Travel and Infrastructure

Cardiff, the capital city of Wales, is approximately 2 hours by rail and 2.5 hours by road from London.

If you are planning a recce in Wales then your first point of contact should be Wales Screen. We can advise on the best method of getting to and around Wales and where you might wish to stay overnight.

Provided you meet our requirements with regards to the serious possibility that you might film in Wales, we can provide free road transport within Wales to visit locations and facilities. We do not normally cover the cost for overnight accommodation, (although we can help you find the best deals) nor do we normally cover the cost of getting to and from Wales.

The Traveline Cymru website also provides details of transport networks in Wales.


Cardiff Airport is the gateway to Wales, handling over a million passengers a year with over 50 direct routes and more than 900 connecting destinations worldwide through hubs including Amsterdam Schiphol, Dublin and Barcelona.

The Airport is situated in the Vale of Glamorgan, just 13 miles from junction 33 of the M4 and around 30 minutes from Cardiff city centre. The Cardiff Airport Express bus service operates between the Airport and the city centre every 20 minutes, and taxi services and car hire are also available from outside the main terminal building. See Cardiff Airport's website for more information.

Wales is within easy reach of other international airports including Heathrow, Bristol, Birmingham, Manchester and Liverpool.

Other smaller regional airports in Wales include Swansea and Haverfordwest in south west Wales, Aberporth on the Cardigan Bay Coast, Welshpool in mid Wales and Caernarfon in north Wales. None of these operate scheduled services but light aircraft can be chartered.


There is a high speed rail link connecting south Wales to Bristol, Chepstow, Reading and London Paddington. The Cardiff to London travel time is approximately 2 hours. Local train services from mainline stations in south Wales connect to towns in the south Wales valleys and the ferry ports.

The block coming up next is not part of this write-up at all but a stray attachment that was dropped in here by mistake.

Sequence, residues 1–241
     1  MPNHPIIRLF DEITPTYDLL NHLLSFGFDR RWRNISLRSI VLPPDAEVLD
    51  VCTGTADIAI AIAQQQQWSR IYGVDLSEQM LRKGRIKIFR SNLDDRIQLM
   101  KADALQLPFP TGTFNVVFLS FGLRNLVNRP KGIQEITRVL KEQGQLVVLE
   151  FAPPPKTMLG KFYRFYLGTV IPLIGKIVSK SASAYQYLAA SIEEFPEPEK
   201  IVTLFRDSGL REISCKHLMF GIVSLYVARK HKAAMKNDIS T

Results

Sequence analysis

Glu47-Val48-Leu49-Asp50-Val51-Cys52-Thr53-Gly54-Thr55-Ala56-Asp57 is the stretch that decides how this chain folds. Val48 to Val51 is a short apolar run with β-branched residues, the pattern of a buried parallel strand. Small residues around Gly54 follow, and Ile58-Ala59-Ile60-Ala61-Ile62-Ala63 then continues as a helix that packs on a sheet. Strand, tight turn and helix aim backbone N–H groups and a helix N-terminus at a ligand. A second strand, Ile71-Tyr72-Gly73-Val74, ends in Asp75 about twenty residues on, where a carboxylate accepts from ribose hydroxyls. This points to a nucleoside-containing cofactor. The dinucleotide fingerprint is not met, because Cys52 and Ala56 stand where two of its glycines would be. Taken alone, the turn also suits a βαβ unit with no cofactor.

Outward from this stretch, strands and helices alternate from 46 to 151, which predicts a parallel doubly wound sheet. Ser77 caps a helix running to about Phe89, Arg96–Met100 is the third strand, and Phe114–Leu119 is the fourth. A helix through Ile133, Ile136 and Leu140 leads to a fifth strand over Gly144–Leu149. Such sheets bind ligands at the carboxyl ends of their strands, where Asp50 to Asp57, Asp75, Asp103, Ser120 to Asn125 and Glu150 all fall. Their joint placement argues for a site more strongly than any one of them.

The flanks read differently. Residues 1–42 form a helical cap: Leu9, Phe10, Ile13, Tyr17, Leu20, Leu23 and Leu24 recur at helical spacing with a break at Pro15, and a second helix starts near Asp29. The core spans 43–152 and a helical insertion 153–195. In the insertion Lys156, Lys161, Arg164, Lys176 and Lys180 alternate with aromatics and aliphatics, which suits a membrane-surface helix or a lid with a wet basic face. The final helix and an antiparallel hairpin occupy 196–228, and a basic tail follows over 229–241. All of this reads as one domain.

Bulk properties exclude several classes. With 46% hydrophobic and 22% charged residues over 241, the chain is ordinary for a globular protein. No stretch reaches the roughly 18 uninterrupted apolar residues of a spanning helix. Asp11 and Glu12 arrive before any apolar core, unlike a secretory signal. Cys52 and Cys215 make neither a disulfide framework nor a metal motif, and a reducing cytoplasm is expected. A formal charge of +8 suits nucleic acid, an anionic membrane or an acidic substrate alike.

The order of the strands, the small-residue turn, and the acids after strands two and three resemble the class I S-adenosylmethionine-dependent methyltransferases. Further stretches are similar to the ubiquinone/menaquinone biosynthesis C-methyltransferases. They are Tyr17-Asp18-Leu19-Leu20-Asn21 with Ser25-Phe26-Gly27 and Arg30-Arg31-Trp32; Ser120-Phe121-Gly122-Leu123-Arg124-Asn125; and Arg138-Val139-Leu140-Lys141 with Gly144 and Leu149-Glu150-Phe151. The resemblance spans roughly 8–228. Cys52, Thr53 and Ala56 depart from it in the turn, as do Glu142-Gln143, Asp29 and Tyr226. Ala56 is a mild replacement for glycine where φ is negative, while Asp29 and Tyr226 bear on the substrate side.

There is also a high speed rail link connecting the port of Holyhead to main line stations in England via Crewe Station.

In mid Wales the Cambrian Coast Line connects the coastal towns of Aberystwyth, Aberdovey, Barmouth and Pwllheli to main line stations in England via Shrewsbury.

There is no direct north-south rail connection within Wales although it is possible to travel via main line stations in England.

For more information on train times and booking visit National Rail's website.

Wales has a number of standard and narrow gauge steam railways serving as tourist attractions.


Major east-west roads connecting Wales to the major cities in England include the M4 motorway which crosses the Severn Estuary over the Second Severn Crossing. This replaced the Severn Bridge as the major gateway to Wales and connects with Newport, Cardiff, Swansea and the ferry terminals at Pembroke Dock and Fishguard.

In the north the A55 Expressway runs east - west across north Wales connecting the westerly ferry terminal at Holyhead to the cities of Liverpool and Manchester.

In mid Wales the main east-west route is the A44 trunk road which connects the western coastal town of Aberystwyth (indirectly) with Birmingham and the English midlands.

North-south road links in Wales comprise the A470 trunk road which runs from Cardiff through the centre of Wales to Llandudno on the north Wales Coast and the A487 Bangor to Fishguard Trunk Road which runs mainly along the western Coast.